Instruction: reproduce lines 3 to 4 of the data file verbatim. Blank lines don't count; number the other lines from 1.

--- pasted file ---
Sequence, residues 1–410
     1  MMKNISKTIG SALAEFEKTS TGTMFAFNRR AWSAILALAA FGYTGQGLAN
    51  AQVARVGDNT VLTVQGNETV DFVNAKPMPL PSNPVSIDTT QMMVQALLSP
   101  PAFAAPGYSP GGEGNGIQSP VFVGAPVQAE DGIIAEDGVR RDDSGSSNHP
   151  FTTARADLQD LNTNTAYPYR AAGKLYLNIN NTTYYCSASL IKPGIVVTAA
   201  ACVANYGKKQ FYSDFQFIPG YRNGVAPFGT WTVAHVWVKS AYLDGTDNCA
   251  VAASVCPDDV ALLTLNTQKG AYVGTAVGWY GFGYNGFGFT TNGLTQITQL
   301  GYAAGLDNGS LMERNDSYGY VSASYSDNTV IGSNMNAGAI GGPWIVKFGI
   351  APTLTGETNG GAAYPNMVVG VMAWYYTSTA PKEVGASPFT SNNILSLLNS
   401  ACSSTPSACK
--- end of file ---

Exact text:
    51  AQVARVGDNT VLTVQGNETV DFVNAKPMPL PSNPVSIDTT QMMVQALLSP
   101  PAFAAPGYSP GGEGNGIQSP VFVGAPVQAE DGIIAEDGVR RDDSGSSNHP